So while businesses and city officials in the Brewer area are celebrating Cianbro’s announcement Saturday that it plans to bring 500 new jobs at the idle Eastern Fine Paper Company mill site, the party will probably spread deep into central and western Maine once the facility is up and running.
“We believe here in the State of Maine there are a lot of people that are underemployed as a result of some of the shrinkage that has occurred in heavy industry,” said Peter Vigue, Cianbro’s president and chief executive officer. “Recognizing all of that, we’ve looked for creative ways to export our knowledge and skill.”
The mill site will be used to manufacture modules, prefabricated, self standing steel structures that can be joined together and finished off at other sites. The modules can exceed five stories in height and weigh more than 1,000 tons. The company will need at least 500 skilled laborers, such as welders, pipe fitters, millwrights and electricians.
Cianbro will be one of just a handful of companies in the country building modules larger than 1,000 tons.
While there is a surplus of skilled labor in Maine, nationally skilled labor is at a premium, Vigue said. By putting laborers back to work here, Cianbro can build modules that can save time and money in construction outside the state.
“It’s a great opportunity,” Vigue said. “It’s a unique approach.”
The Brewer site, logistically, is nearly ideal for the venture. It is on the banks of the Penobscot River, which will accommodate the 400-foot long barges to move the modules. The facility also is close to Interstate 395, has railroad access and is close to Bangor International Airport.
Most importantly, however, the facility has access to a huge industrial workforce eager for the opportunity Cianbro will provide, Vigue said. Residents of areas such as Millinocket, and Jay have lost high-paying jobs in industry and now are working for much less money in other professions. Cianbro’s hourly employees can earn up to $100,000 per year.
“It won’t be unusual for people to come from as far south as Augusta, as far north as Millinocket and as far west as Farmington on a daily basis,” Vigue said. “I believe in this state, but more than that, I believe in the people of this state. They deserve the opportunity.”
For Cianbro and its 2,000 employees, about 1,300 of whom live and work in Maine, the Brewer facility is an opportunity to diversify and grow, Vigue said. All of the company’s shares have been owned by employees since 2004.
“They own the company and it’s a huge benefit to them,” Vigue said. “They benefit from success.”
Even those who do not work directly for Cianbro will benefit, Vigue said. The company does as much business in Maine as possible, from shipping to subcontracting manufacturers.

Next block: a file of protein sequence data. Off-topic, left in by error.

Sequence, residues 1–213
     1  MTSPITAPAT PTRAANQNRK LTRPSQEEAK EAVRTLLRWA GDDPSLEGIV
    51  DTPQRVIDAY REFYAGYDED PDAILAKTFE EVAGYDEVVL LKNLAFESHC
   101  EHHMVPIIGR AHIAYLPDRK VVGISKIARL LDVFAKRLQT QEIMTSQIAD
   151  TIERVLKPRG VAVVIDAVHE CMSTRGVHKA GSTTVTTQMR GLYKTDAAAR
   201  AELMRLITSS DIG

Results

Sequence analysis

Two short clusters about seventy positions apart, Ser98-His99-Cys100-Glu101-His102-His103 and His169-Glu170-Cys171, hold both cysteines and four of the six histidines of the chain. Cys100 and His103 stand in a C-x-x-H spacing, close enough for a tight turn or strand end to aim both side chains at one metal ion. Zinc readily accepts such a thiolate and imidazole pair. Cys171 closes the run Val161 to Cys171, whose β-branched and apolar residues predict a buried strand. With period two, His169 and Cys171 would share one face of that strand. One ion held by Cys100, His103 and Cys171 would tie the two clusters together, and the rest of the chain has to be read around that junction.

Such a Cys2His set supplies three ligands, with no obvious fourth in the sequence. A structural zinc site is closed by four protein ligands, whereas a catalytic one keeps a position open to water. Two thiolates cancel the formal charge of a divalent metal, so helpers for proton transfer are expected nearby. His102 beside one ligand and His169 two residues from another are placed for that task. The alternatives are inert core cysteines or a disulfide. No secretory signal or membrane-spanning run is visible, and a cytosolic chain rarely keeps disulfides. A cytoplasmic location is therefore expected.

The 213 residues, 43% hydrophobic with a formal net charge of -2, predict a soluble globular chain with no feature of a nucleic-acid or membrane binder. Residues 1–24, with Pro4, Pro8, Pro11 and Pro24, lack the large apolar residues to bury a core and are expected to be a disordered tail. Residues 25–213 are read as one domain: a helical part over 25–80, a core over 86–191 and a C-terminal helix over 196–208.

Based on past projects in Maine, such as a recent oil drilling rig project in Portland, Vigue estimated that four to seven new jobs are created for every new Cianbro job.
“It’s a huge area we cover,” he said. “We can only enhance and improve other businesses at the same time. It helps everybody. It’s not just about us, it’s about all of us.”
The Cianbro company is already made up of 10 different companies, or arms, all with different specialties, such as fabrication and coating and heavy construction. The Brewer project will give Cianbro another specialty.
“We’re going to do everything we’ve always done, but we’re growing our organization,” Vigue said. “We’re extremely diversified. We’re not just a construction company.”
Vigue, who said the company is in the process of finalizing negotiations on the first major contract, hopes construction on the first module will begin by next April.
“We’ve been working on this well over a year,” he said. “This is not just a dream. This is something that will happen.”
The windows in businesses along Main Street in Brewer were accented by signs this week welcoming Cianbro to their town. In truth, Vigue said, the celebration should spread well beyond Brewer.
“The bottom line here is it’s all about people working in a collaborative manner, toward a common goal and believing in themselves, that they can do great things,” Vigue said. “The people in this state, whether a worker or business person or part of the community, when they are given an opportunity they appreciate it. We don’t get that same sense of appreciation in other places where we work. It’s fun to make a difference and benefit a community like this state.”
A copyright story from the Kennebec Journal – Morning Sentinel, Wednesday, June 6, 2007 by Craig Crosby.